Just for a moment, think back to the state of the team at the midway point in the season. The Seattle Sounders were coming off a highly disappointing 1-1 tie with Orlando City at home in which they surrendered the equalizer on the game’s final play. That left them on 20 points, sporting a record of 5-7-5. To put that into perspective, the LA Galaxy had 22 points and a 6-7-4 record through the same number of games.
(This is more note than point of this story, but the Sounders were 23!!!! points better than the Galaxy over the second half of the season. That seems like an impossible thing to accomplish over a 17-game span, but after checking and re-checking my numbers, it’s right. Anyway...)
There were very open and legitimate questions being asked about the Sounders’ roster at that point. Talk of it being actually “broken” was being discussed by perfectly even-keeled people, not necessarily prone to overreaction. Up to that point, the Sounders were seemingly over-reliant on players on the wrong side of 30, didn’t have anything like a dependable right back and were probably having very hard conversations about what to do with a 34-year-old forward who had scored just four goals up to that point.
With the benefit of hindsight, we know things turned around rather dramatically soon after. On their 18th match day, the Sounders fell behind the Portland Timbers 2-1 after a pair of late first-half goals, one of which was preceded by Brad Evans picking up a red card. The Sounders played the entire second half a man down, but still managed to pull out a 2-2 tie when Clint Dempsey scored the equalizer on what was essentially the game’s final play.
From that point forward, the Sounders were the second best team in MLS. Only history-making Toronto FC’s 34 points were more than the Sounders’ 32 over the final 16 games of the season.
Going into the Western Conference finals for a second straight season, the Sounders’ roster no longer looks anything like broken. They’ve got a dynamic, 20-year-old left back in Nouhou who should be able to ably take over for Joevin Jones. Cristian Roldan, 22, has established himself as arguably the top American midfielder. Twin Towers Chad Marshall and Roman Torres appear to have mostly put their injury concerns behind them. Dempsey finished the second half of the season with eight goals in his last 15 appearances, then added two more in his only playoff game and surely made it a lot easier for the Sounders to decide to bring him back next year. Just about every where you look, the Sounders are reasonably set for the next year or two at least.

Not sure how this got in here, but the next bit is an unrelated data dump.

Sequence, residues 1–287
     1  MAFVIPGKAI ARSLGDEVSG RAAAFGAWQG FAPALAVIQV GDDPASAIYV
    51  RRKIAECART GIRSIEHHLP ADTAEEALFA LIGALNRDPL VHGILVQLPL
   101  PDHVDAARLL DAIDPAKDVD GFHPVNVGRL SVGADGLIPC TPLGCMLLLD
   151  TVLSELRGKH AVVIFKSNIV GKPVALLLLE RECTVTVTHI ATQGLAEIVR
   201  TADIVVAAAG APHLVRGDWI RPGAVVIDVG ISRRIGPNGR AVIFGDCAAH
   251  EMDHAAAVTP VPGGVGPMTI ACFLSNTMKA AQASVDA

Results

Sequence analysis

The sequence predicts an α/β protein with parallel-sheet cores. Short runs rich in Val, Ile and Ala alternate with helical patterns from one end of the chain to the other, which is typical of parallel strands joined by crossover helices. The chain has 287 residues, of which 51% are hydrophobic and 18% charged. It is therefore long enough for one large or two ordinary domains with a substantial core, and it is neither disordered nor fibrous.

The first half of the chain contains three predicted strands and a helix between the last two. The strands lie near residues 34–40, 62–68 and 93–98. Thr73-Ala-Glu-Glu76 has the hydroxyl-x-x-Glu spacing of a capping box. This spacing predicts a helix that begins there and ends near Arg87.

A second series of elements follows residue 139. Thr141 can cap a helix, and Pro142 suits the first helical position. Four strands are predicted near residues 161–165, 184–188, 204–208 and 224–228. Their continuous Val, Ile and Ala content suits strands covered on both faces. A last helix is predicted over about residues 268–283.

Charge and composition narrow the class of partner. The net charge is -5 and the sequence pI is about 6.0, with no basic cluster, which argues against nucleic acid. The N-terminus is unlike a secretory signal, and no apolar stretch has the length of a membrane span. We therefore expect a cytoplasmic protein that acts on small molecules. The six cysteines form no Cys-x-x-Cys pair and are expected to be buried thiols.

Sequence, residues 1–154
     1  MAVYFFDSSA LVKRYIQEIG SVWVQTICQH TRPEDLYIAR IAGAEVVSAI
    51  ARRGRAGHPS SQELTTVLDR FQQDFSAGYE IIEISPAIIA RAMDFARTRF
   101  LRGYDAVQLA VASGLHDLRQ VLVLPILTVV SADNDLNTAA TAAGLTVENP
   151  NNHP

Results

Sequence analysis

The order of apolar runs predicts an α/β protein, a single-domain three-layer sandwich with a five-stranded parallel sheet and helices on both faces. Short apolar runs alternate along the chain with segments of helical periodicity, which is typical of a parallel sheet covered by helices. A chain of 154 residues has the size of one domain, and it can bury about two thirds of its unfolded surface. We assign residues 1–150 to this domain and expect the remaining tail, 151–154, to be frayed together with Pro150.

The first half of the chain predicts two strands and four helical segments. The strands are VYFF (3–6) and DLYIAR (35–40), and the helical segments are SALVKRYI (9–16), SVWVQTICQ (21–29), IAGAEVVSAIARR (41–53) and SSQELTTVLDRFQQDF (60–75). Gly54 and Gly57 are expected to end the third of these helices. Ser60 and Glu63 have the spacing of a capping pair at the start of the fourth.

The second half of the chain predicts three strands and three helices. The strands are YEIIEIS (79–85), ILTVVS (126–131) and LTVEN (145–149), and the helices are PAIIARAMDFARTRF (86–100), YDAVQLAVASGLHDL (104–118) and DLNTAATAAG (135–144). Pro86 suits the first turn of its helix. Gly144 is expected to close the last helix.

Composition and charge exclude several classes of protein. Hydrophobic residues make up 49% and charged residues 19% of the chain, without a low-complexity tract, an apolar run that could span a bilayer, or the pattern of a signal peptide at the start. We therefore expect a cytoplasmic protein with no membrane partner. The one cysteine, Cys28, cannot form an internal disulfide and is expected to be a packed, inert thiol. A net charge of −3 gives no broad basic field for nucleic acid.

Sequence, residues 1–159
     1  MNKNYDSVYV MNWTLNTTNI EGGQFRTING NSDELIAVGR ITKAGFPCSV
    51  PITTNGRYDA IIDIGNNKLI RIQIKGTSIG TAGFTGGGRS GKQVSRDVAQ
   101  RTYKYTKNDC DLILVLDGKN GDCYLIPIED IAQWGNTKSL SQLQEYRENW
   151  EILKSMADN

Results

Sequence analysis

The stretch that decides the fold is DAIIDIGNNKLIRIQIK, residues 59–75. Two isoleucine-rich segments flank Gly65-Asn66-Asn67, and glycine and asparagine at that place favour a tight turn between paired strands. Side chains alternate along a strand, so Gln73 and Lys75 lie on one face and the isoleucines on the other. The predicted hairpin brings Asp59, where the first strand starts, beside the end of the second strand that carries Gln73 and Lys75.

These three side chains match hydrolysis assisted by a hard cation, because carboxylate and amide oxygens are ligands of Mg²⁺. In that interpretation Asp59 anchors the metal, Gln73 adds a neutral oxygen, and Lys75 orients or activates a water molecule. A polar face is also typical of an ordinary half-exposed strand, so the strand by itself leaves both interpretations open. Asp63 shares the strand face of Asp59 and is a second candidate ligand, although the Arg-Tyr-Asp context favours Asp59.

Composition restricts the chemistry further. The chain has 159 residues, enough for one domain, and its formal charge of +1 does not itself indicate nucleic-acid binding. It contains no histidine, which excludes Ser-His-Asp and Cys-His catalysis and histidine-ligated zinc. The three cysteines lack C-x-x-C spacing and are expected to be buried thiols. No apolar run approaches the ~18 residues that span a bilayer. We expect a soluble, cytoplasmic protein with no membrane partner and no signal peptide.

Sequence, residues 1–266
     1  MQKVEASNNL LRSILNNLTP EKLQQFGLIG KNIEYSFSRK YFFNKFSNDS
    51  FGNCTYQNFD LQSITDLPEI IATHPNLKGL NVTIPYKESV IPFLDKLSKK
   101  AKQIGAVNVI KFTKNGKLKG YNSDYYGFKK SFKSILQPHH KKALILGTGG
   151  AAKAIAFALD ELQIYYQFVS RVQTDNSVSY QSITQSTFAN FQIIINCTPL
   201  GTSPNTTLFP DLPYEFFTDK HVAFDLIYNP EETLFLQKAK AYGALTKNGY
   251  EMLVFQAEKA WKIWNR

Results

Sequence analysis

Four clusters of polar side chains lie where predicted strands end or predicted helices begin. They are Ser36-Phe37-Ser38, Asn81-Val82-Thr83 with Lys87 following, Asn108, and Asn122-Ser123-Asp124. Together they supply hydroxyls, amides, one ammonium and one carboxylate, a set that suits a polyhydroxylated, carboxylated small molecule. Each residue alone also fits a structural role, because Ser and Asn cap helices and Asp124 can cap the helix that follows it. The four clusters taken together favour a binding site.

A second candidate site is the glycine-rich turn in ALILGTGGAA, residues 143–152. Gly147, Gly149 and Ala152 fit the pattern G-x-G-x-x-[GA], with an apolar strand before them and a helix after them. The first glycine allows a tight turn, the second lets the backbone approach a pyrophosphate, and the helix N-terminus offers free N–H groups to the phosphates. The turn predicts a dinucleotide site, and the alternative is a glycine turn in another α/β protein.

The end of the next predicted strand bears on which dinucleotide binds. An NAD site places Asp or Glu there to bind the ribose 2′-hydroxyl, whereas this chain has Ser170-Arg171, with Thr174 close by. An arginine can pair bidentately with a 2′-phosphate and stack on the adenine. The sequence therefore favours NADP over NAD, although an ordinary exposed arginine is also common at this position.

Rather than a roster overhaul, the Sounders could be looking at a relatively quiet offseason — although there’s a chance one or both of the last remaining “originals” could be moving on.
What changed? Well, the top line reasons are that the Sounders just got healthy and started playing better. But it’s also important to note that for a third straight summer, Garth Lagerwey managed to make impact signings that dramatically affected how his team played down the stretch.
Neither Kelvin Leerdam nor Victor Rodriguez — and certainly not Lamar Neagle or Callum Mallace — demanded dramatic headlines. But taken together, they may have been even more important than the collection of talent acquired in each of the previous two summers. That’s no small feat, especially when you consider this was the first time Lagerwey didn’t sign a Designated Player in the summer.
Leerdam made his debut in the second half of the Sounders’ 4-3 win over D.C. United in which they overcame a 3-0 deficit. They’re a remarkable +20 in goal-difference in the 1,470 minutes he’s played (including playoffs). They’ve also gone 8-2-5, while allowing just eight goals and posting 10 shutouts.
Rodriguez has played more sporadically, but the Sounders have gone 3-1-4 in games he’s appeared (including playoffs).
Their influences are even more acutely felt in American Soccer Analysis’ Expected Goals (credit to Ethan Swenson for actually compiling these numbers). In the five regular-season games Leerdam and Rodriguez both started, the Sounders had a xG of 1.82 per game and an xGA of .74. That’s an xGD of 1.08 for you math majors. In all of Leerdam’s starts, the Sounders had a xG of 2.04 and a xGA of .89 for a xGD of 1.14.
It should be said that Leerdam’s arrival basically coincided with Torres and Marshall returning to full health. Torres had missed nine games prior to Leerdam’s signing and only missed two after, while Marshall missed four games before and two games after as well. When Leerdam, Torres and Marshall all started (10 games), the Sounders posted an xG of 2.29 and an xGA of .87 for a xGD of 1.42. When one of them doesn’t start, the xGD drops all the way to .09. That’s a difference of 1.33. That’s per game!
There are a lot of variables at work here and there’s no real point in trying to sort through them all. But these numbers are pretty hard to ignore. Regardless of what happens over two legs against the Houston Dynamo, this has been another remarkable turnaround and the Sounders look well positioned going into next year.